Archives for Maine history

Maine Currents 11/21/17

Producer/Host: Amy Browne

FOUR FOUNDATIONAL THEORIES OF LABOR ACTIVISM IN MAINE: THE KNIGHTS OF LABOR, THE AFL, THE IWW, AND THE SOCIALIST PARTY OF EUGENE DEBS – a presentation by Marc Cryer, Director of the Bureau of Labor Education, the University of Maine, recorded at UMaine on 11/16/17. This was the final in the fall semester Marxist and Socialist Studies lecture series.

Maine Currents- independent local news, views and culture, Tuesdays at 4pm on WERU-FM and

Coastal Conversations 8/29/17

Producer/Host: Natalie Springuel

Maine coastal and ocean issues: Fisheries History at Penobscot Marine Museum

-Penobscot Marine Museum’s fisheries exhibit and events and the role of museums in helping people understand about complex fishing industry issues
-National Fishermen’s photo archives from the Post World War Two era, donated and on display at Penobscot Marine Museum, illustrate over 60 years of fishing industry changes in Maine and the Nation
-Port Clyde Fresh Catch founder and long time fisherman Glen Libby, described the changes he has seen in 40 years of fishing, including changes in technology and fish populations that led him and others to start the nation’s first community supported fishery.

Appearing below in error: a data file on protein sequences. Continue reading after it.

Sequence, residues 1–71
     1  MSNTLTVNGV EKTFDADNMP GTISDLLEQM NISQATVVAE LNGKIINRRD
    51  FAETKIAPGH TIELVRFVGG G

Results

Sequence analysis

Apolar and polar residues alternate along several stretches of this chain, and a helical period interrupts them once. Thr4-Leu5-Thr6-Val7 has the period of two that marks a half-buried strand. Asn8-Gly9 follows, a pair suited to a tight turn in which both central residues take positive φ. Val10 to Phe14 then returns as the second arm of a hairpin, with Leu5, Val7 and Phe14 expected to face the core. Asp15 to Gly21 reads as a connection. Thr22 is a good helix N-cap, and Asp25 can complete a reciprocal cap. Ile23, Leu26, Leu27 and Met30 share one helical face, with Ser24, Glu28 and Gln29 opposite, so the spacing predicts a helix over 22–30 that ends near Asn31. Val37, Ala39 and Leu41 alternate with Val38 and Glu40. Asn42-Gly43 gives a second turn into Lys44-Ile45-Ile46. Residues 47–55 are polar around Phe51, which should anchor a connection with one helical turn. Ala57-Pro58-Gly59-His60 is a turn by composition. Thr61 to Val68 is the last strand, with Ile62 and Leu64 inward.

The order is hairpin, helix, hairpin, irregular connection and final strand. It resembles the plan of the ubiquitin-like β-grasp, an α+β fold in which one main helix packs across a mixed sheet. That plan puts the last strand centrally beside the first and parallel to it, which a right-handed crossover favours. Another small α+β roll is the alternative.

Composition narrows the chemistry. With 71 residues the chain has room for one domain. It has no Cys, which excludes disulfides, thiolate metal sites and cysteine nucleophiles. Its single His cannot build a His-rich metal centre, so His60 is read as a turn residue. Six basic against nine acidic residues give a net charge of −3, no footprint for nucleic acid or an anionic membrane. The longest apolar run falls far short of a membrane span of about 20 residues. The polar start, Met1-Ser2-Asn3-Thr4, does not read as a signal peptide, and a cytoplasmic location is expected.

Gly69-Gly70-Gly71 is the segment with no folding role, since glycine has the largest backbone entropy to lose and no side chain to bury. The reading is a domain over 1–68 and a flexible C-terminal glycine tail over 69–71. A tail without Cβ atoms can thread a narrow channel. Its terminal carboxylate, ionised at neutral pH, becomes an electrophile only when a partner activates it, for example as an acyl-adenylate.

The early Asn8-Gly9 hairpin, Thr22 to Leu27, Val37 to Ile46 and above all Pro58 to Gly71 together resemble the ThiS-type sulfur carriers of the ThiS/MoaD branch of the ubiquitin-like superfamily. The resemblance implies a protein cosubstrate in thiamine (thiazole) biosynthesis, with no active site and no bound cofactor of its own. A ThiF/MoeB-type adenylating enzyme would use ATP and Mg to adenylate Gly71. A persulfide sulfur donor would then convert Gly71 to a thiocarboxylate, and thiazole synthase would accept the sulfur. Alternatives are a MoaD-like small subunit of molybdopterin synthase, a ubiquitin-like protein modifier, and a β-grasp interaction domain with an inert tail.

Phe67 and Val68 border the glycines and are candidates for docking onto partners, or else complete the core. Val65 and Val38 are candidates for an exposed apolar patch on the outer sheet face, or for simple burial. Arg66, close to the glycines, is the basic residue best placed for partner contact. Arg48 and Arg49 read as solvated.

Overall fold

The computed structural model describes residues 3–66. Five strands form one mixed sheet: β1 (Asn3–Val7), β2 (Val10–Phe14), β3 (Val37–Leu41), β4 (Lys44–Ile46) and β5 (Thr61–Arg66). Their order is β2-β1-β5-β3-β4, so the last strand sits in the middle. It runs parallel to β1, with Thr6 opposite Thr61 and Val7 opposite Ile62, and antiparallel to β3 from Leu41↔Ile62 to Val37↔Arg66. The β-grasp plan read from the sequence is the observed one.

Cipperly Good, Penobscot Marine Museum
Glen Libby, Port Clyde Fresh Catch
With thanks also to Jessica Hathaway, National Fishermen Magazine

Talk of the Towns 8/9/13

Producer/Host: Ron Beard
Studio Engineer: Amy Browne

Program Topic: Maine as Muse for historians

Key Discussion Points:
a) Each guest provides brief background on themselves and what led to their interest in writing about Maine, using historical lenses…
b)Each guest offers a short reading from their own published work, a page or a passage that you are proud of, that invites readers to share your passion for Maine and history
c)What, for you, is so compelling about Maine’s story? How is Maine your muse as a historian?
d)What is your research like… how do you go about it?
e)A recent historical biographer spoke of sources of primary historical data, among them, the public record (official documents), newspaper accounts, and personal archives (letters, diaries, journals) … how have you used these kinds of sources… what surprises have you uncovered?
f)What successful techniques have you found to engage readers in the lives and events of the past? Where are the lines between history and historical fiction… are the lives of real people as compelling as fictional characters?
g)If listeners are interested in Maine history, who else should they be reading… who are your “go to” historians where Maine is concerned?
h)All history is not “formal”… we see interest on the part of local historical groups and others to collect “oral histories” … what do you see in this trend?
i)What other trends do you see ahead (digital archives, family history/geneology…?)

A) Tim Garrity, Executive Director, Mount Desert Island Historical Society
B) Nancy Alexander, Isleboro, UM doctoral thesis “’Keeping House’”: the Hidden Economy of Maine Coastal Women 1850-1900”.